Several plants in the peperomia genus are grown as common houseplants here in North America, but have you ever seen one like this?
I was first introduced to this particular plant in Dominica, where it goes by the local names JiwonflÃƒÂ¨*, JonflÃƒÂ¨, or Giron Fleur**. It is most often found in very damp and dark places, and as a result most of my photos were lousy. Last month I found it again (as seen here), on display in the Tropical Rainforest Conservatory at the Montreal Botanical Gardens and was able to get a better photo.
JiwonflÃƒÂ¨ is a tiny trailing succulent that grows as an epiphyte, hanging from the branches of trees, most commonly cocao and grapefruit. In Dominica, the plant is brewed into an herbal cold remedy but what’s most fascinating is the smell. When you crush the leaves, it emits a soft green peppercorn aroma. I suppose this shouldn’t be too surprising since peperomia is in the same family as black peppercorns (Piperaceae).
This morning, I set out to post a different photo until I was reminded that it is St. Patrick’s Day, a day I most often associate with clovers. Technically oxalis and clovers aren’t the same thing, but they are often mashed together around this particular holiday. In truth, I’m going through a rather rabid oxalophile phase (am I the first to coin this term?) and don’t really need an excuse to post a photo of anything oxalis, or clover for that matter.
I found this particular oxalis growing in an area of Dominica called Giraudel, right beneath the nipple fruit, in fact. The plant is used locally as an herbal tea for sore throats and has the local name ‘Malgoj.’* I saw it several times throughout the island, and later in St. Lucia as well.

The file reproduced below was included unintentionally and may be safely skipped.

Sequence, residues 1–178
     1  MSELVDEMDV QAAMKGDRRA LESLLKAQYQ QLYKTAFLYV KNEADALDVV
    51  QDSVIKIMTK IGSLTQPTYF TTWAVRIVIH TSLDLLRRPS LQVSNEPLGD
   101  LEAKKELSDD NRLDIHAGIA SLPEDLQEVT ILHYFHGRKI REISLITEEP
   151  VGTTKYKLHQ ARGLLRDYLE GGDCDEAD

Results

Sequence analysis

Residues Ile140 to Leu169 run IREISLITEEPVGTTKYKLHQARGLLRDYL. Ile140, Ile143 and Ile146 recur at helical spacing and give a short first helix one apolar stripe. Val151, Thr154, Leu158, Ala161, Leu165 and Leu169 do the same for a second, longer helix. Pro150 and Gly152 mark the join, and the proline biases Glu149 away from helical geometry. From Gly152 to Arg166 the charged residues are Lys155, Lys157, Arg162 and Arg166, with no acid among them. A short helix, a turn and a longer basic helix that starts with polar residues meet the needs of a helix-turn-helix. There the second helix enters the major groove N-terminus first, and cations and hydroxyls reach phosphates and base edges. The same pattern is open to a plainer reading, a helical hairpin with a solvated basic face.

This is what the leaves look like.
* Source: “Caribbean Wild Plants and Their Uses” by Penelope N. Honychurch.
Until about a year ago, I had no idea that there were so many different types of galanthus, or that there is a mini subculture of galanthophiles* who are REALLY hardcore into collecting and identifying the subtle variations and markings in these teeny flowering bulbs. Not that I blame them — once you’re made aware of the variations, it’s difficult to not be drawn in.
I was browsing garden magazines at a friend’s the other day and I believe it is the current issue of Gardens Illustrated that has an article on galanthus with a gorgeous photo of several individual petals lined up on a piece of wood. That photo alone is enough to turn me into a galanthonerd.
On a related note: the other day, while taking this photo, I asked my friend Barry if snowdrops have a scent. At the time I noted how difficult it is to get down that low onto the ground to take a whiff. It did not occur to me that I could pick a bloom and bring it up to my nose. Dur.
* I thought I was making up a new jazzy word, and imagined myself an absolute genius for a quick second, too until I did a search and discovered the term is in widespread use. And since the mid-nineteenth century no less. Am starting to wonder if the galanthogeeks would have me as one of their own regardless of my sincerity and commitment.
Early season blooms have started to appear this week in tandem with some other solid signs that we’ve turned a corner away from winter and closer to the start of spring here in my neck of the woods. While most gardeners are raving about the snowdrops — and they are beautiful, no doubt — I was most delighted to see another, though less popular harbinger of the season, Eranthis hyemalis unfurling in the sun for the first time.
Gardeners often complain about the difficulty in establishing eranthis, but most of my experiences with this early bloom have been with plants that appeared mysteriously from nowhere and established themselves with no work at all.
I think we could use more orange today.